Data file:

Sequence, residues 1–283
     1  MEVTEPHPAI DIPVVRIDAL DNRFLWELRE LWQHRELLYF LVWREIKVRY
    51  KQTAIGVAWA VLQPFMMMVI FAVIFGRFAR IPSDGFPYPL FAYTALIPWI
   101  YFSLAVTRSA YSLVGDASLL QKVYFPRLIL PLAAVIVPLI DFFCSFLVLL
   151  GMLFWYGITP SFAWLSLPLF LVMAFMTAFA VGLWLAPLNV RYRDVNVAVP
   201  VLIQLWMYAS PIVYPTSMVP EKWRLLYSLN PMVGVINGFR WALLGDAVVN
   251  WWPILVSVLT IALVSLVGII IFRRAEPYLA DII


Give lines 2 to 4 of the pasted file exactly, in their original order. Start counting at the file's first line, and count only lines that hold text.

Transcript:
     1  MEVTEPHPAI DIPVVRIDAL DNRFLWELRE LWQHRELLYF LVWREIKVRY
    51  KQTAIGVAWA VLQPFMMMVI FAVIFGRFAR IPSDGFPYPL FAYTALIPWI
   101  YFSLAVTRSA YSLVGDASLL QKVYFPRLIL PLAAVIVPLI DFFCSFLVLL